Lack of Draft Signings Indicates Different NFL Approach in 2020

We have spoken about the potential impact of the Covid-19 crisis on revenues for 2020 and the cap in 2021 and one of my thoughts was that teams could try to stash some money now rather than doing immediate signings that often have at least a partial payment of the signing bonus coming within two weeks of signing. Through June 7 the data would seem to back that up.

We track most transactions in the NFL and while we are not going to be perfect with the official signing dates we tend to do a pretty good job in that regard. At the worst it would be a few players off here and there. I decided to look at how many draft picks had signed contracts by June 7 the last three seasons to see if what we were seeing this year was different.

Year% Signed
201785.5%
201881.9%
201985.5%
202022.4%

Basically we have gone from an 85% signing rate to just barely over 20%. If this is attributed to not being to not being able to conduct physicals in the normal manner then signings should accelerate now that facilities are slowly beginning to re-open. If its more of a financial consideration then there is no reason to speed things up until they have a better idea about camps.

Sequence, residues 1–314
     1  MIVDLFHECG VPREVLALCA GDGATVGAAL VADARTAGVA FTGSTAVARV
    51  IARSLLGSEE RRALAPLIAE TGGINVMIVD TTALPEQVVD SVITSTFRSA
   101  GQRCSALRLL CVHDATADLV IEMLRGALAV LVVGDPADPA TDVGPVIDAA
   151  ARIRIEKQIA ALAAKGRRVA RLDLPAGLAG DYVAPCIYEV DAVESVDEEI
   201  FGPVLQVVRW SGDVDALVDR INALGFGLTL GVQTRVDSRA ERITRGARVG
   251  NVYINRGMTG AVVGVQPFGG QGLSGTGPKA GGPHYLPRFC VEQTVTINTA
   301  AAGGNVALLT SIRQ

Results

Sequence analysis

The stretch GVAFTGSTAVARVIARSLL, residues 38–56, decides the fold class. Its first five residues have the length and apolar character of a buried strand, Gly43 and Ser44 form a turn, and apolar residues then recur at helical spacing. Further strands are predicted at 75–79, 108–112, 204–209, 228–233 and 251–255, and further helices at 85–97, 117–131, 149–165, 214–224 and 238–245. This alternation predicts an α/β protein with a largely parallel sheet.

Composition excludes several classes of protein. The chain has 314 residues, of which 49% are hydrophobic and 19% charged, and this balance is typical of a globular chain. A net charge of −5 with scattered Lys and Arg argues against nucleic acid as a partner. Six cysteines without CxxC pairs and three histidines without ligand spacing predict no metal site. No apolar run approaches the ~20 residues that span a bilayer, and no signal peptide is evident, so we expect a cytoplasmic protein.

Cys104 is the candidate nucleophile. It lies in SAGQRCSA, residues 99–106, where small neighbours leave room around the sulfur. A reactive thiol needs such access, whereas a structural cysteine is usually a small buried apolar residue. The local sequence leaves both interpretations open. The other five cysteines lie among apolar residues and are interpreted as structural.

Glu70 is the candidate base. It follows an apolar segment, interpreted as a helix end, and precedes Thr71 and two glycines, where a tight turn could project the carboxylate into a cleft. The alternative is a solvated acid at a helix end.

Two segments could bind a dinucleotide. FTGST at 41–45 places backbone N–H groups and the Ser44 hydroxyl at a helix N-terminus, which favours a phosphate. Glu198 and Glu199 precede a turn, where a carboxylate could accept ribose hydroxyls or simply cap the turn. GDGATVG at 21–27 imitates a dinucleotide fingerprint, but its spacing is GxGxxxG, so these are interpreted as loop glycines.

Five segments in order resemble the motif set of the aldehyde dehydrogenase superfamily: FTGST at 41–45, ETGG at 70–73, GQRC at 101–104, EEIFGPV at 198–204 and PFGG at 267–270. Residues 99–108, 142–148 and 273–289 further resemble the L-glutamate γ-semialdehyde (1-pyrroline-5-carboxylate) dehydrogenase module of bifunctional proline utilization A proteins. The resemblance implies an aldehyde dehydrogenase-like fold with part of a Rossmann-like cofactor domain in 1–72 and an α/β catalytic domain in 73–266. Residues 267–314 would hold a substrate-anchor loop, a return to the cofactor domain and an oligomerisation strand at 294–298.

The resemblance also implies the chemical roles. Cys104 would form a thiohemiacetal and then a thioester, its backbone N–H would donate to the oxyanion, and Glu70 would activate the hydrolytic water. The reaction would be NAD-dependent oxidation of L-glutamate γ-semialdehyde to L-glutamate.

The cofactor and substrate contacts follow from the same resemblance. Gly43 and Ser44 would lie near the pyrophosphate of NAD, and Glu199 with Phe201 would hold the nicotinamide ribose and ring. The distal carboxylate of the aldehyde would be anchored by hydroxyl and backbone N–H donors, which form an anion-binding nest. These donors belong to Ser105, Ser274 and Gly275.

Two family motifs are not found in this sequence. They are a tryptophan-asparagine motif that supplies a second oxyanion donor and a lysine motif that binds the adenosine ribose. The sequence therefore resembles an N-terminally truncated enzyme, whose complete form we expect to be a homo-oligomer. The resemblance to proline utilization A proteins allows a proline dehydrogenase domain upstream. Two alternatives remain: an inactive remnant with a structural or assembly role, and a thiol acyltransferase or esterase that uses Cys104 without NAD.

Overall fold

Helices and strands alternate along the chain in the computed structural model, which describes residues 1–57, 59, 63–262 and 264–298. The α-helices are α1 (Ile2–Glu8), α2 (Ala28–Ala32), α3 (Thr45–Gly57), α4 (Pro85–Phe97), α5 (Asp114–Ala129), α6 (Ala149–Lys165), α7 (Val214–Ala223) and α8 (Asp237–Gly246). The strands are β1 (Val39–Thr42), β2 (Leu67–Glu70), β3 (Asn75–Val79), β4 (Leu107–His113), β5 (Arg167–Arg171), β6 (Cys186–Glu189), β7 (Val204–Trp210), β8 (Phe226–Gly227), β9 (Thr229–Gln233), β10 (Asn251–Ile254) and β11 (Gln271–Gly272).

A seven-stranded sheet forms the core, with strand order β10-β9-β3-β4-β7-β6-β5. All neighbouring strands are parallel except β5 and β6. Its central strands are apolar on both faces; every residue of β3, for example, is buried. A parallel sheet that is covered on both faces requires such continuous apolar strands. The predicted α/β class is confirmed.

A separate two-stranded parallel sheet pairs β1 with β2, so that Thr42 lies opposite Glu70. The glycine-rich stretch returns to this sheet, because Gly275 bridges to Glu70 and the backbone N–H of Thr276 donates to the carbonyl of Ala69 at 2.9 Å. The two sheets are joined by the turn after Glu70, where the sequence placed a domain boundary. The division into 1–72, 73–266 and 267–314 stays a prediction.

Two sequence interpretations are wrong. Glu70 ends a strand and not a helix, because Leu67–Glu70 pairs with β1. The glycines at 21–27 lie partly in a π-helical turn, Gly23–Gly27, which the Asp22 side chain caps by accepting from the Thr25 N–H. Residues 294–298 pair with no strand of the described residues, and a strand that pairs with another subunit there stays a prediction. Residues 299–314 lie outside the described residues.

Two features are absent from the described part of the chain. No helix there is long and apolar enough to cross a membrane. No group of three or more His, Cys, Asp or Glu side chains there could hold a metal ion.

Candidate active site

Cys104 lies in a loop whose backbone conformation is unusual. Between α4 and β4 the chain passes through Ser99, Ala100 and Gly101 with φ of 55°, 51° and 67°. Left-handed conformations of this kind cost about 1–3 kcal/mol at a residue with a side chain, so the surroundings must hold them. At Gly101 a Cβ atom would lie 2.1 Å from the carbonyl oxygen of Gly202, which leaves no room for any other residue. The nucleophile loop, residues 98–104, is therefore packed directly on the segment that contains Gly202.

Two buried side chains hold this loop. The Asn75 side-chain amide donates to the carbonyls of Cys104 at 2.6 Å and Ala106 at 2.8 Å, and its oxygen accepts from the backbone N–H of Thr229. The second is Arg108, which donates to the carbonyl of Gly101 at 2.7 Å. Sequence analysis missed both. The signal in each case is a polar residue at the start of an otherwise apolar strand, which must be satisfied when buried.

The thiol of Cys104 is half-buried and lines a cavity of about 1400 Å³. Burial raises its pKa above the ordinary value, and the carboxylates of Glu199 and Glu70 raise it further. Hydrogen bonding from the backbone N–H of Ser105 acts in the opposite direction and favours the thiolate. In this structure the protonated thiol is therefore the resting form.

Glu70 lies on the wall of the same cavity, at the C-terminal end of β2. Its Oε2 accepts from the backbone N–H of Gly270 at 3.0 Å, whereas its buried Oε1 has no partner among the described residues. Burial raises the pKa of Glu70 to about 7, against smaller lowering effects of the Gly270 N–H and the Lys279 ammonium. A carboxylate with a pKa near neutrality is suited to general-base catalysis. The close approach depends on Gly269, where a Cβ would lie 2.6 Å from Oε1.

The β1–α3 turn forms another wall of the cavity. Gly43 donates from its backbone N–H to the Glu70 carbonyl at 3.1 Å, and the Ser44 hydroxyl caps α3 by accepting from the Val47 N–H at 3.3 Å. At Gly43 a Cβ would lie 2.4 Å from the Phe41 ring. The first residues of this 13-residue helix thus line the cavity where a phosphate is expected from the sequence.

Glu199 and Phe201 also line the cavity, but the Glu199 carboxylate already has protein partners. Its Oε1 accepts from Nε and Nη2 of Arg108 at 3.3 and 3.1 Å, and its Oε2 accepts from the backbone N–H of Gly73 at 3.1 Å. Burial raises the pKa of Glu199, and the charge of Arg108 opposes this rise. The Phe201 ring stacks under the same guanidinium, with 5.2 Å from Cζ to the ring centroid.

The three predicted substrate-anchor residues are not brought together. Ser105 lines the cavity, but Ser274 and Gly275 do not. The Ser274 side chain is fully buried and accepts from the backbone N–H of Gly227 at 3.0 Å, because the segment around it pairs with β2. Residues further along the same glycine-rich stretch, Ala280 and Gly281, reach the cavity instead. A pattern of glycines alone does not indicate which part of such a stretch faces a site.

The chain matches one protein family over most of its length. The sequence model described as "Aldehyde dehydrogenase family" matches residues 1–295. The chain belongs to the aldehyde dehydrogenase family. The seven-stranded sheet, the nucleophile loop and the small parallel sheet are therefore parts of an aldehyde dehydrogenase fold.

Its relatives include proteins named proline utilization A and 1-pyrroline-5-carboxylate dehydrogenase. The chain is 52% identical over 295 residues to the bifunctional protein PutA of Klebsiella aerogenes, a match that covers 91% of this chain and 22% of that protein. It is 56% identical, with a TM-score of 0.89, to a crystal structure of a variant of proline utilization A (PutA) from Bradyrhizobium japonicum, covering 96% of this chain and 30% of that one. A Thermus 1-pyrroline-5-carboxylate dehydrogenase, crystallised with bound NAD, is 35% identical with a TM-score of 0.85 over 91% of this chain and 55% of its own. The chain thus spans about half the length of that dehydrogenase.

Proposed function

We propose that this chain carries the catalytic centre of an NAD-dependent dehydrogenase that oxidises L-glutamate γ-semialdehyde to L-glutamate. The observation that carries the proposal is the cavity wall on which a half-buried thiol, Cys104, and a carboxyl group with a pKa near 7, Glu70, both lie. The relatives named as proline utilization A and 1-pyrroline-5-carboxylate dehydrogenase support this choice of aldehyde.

I don’t expect any franchises to push back on rookie salaries but I guess it could be a consideration if things looks bleak. Though rookie contracts are slotted there is actually a rarely known and never used rule that actually sets a minimum salary for the players based primarily on round. Those numbers are lower for most than the slotted salary everyone uses. Teams also do not have to max out the raises allowed (they never do it for picks after the 3rd round already). I cant imagine any of this is in play but I just thought it was worth mentioning in the event that there is a resurgence in infections in the coming weeks that change the dynamics again of sports in the fall and winter.

Questions about this article? Reach Jason Fitzgerald on Twitter at @Jason_OTC